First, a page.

Cleaning the suds

A study claims that surfactants found in soaps and detergents pose little risk to the environment. But is that true?

 
By Indu Mathi S
Last Updated: Thursday 11 June 2015

Cleaning the suds

Every day millions of tonnes of surfactant chemicals are released into the environment

For decades environment and health experts have been fretting over the harmful impact of surfactants—active ingredients in everyday use products such as detergent, soap, shampoo and house cleaning products. These chemicals, uniquely formulated to remove oil, dirt and kill microbes, are the ones that create the suds and give that squeaky clean feel. Given their use, every day millions of tonnes of surfactants are released into the environment. Due to their potential toxic impact on health and the environment, there have been calls to reduce and ban the use of these chemicals in household products. So it was startling when a scientific study claimed that surfactants have little adverse impact on the environment.

The scientists arrived at the conclusion after reviewing 250 published and unpublished study papers on environmental properties and toxicity of four major surfactant classes: alcohol sulphate, alcohol ethoxysulphate, linear alkylbenzene sulphonate, alcohol ethoxylate and long-chain alcohol. The scientists prepared comprehensive reports on each class of surfactants and evaluated their risks to the aquatic and sediment environment using field monitoring data and computer models. The substances have no adverse impact on the aquatic or sediment environments at the current levels of use, they stated in the September issue of Critical Review in Environmental Science and Technology.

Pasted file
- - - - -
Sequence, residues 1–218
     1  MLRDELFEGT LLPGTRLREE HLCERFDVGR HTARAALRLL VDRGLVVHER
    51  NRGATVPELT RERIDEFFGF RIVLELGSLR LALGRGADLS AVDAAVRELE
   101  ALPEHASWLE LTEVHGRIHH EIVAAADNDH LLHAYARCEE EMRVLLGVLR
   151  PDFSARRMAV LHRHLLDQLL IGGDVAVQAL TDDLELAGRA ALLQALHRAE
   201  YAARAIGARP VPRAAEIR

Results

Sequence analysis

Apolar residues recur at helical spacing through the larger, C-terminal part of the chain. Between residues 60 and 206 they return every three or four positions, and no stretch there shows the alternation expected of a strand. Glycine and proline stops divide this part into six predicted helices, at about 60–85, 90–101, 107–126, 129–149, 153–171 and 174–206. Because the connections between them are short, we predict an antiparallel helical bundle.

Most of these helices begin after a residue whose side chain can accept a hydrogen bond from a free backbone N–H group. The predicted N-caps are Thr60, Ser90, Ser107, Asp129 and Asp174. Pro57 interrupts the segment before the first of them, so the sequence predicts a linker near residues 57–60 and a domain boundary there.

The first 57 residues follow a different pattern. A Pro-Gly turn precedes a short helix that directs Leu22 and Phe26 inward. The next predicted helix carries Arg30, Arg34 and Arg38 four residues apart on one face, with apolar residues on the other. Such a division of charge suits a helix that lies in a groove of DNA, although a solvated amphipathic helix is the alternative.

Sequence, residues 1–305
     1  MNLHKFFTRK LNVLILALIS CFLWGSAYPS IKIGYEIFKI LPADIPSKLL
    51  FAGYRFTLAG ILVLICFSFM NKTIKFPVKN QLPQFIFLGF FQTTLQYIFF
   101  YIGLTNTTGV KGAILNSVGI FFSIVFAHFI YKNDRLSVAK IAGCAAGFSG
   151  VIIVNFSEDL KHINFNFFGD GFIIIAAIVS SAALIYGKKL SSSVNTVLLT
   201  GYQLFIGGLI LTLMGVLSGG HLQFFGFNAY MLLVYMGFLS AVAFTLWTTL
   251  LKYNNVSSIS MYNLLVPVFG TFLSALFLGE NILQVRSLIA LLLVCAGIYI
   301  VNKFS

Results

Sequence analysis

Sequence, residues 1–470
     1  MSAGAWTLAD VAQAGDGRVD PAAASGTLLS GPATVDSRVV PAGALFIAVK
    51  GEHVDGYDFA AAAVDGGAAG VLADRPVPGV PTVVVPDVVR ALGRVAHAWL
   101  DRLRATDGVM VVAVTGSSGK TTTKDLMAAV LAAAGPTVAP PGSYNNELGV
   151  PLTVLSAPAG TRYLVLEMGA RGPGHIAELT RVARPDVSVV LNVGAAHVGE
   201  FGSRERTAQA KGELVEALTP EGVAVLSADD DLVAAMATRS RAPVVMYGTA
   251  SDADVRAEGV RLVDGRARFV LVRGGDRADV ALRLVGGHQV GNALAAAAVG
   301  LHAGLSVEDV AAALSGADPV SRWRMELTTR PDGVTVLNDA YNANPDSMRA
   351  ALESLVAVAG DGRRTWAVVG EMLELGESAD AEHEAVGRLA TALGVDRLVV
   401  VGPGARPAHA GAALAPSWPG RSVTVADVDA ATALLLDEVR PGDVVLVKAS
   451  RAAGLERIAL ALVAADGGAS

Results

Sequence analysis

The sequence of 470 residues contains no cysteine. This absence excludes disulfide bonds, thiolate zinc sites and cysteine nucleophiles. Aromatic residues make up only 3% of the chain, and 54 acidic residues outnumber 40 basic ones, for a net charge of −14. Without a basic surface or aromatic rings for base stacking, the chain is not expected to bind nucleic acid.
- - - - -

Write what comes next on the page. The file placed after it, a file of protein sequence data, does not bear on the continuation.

The study, conducted in association with American Cleaning Institute, an organisation representing producers of household, industrial and institutional cleaning products, and Procter and Gamble, a multinational consumer goods company, however, noted that the surfactants do need to be disposed of appropriately by following suitable wastewater treatment. Here lies the catch.

Existing sewage treatment technologies, especially in developing countries, do not completely remove surfactants. Arvind Kumar Mungray, lecturer at Sardar Vallabhbhai National Institute of Technology in Surat, who has carried out a series of studies on wastewater treatment, compared the effectiveness of three sewage treatment processes: activated sludge process, oxidation pond and upflow anaerobic sludge blanket reactor (UASBR). His team found that none of the methods could effectively remove surfactants. UASBR, a common sewage treatment method, could remove only 18 per cent of the anionic surfactants—present in commonly used household cleaning products (see ‘Agents of cleaning’).

The scientists also found significant concentrations of surfactants in the effluents released from oxidation pond sewage treatment plants. Only the effluents released from activated sludge process had reduced levels of surfactants. These findings were published in March 2008 in Journal of Hazardous Materials.

Explaining the limitation of sewage treatment technologies, Mungray told Down To Earth, “Treatment plants based on UASBR method are not designed for removing surfactants. Only molecular oxygen can destroy surfactants. Therefore, an aerobic post treatment unit is required to be installed with UASBR. The key for protecting the environment from the negative impact of down-the-drain-chemicals, such as surfactants, is the treatment of the sewage in a biological wastewater treatment plant, Mungray says.